The research report “Shifting Priorities: Participatory Budgeting in New York City is Associated with Increased Investment in Schools, Street and Traffic Improvements, and Public Housing” focuses on New York City where, since 2011, an increasing number of city council members have used participatory budgeting (PB) to empower their constituents to decide how to spend millions of dollars every year. By comparing council members’ spending before and after they started using PB, the research shows that spending priorities do in fact shift when residents play a direct role in budgeting. The new research points to public spending interests at a moment when city budgets are under scrutiny.
The research finds that when New York City council districts adopted PB, greater proportions of their discretionary capital budgets were allocated to schools, streets and traffic improvements and public housing and smaller proportions were allocated to parks and recreation projects and to housing preservation and development. The peer-reviewed findings are published in an article that appears in issue 42.2 of New Political Science.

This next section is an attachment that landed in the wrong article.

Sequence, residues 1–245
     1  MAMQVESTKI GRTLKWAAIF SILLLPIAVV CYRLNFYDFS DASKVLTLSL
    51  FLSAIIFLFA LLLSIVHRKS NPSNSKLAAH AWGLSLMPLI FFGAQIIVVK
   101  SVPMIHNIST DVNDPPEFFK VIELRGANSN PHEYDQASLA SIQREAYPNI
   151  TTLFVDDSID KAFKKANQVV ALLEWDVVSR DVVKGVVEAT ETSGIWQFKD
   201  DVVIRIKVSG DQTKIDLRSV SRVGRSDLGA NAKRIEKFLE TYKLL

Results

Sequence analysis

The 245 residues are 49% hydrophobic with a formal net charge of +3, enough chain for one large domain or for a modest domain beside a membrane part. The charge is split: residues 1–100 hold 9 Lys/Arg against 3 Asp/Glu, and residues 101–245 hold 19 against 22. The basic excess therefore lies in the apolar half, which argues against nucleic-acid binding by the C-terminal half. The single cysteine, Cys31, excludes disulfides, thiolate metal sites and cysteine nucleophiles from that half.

Supported by a grant from Democracy Fund, the team of researchers from the Berlin School of Economics and Law, Public Agenda and New York University’s Steinhardt School of Culture, Education, and Human Development are among the first to examine whether and how PB shifts spending priorities in the United States. Specifically, they found that when a New York City council district adopted PB, it spent on average about $300,000 more per year on schools, about $250,000 more per year on public housing, and about $100,000 more per year on street and traffic improvements.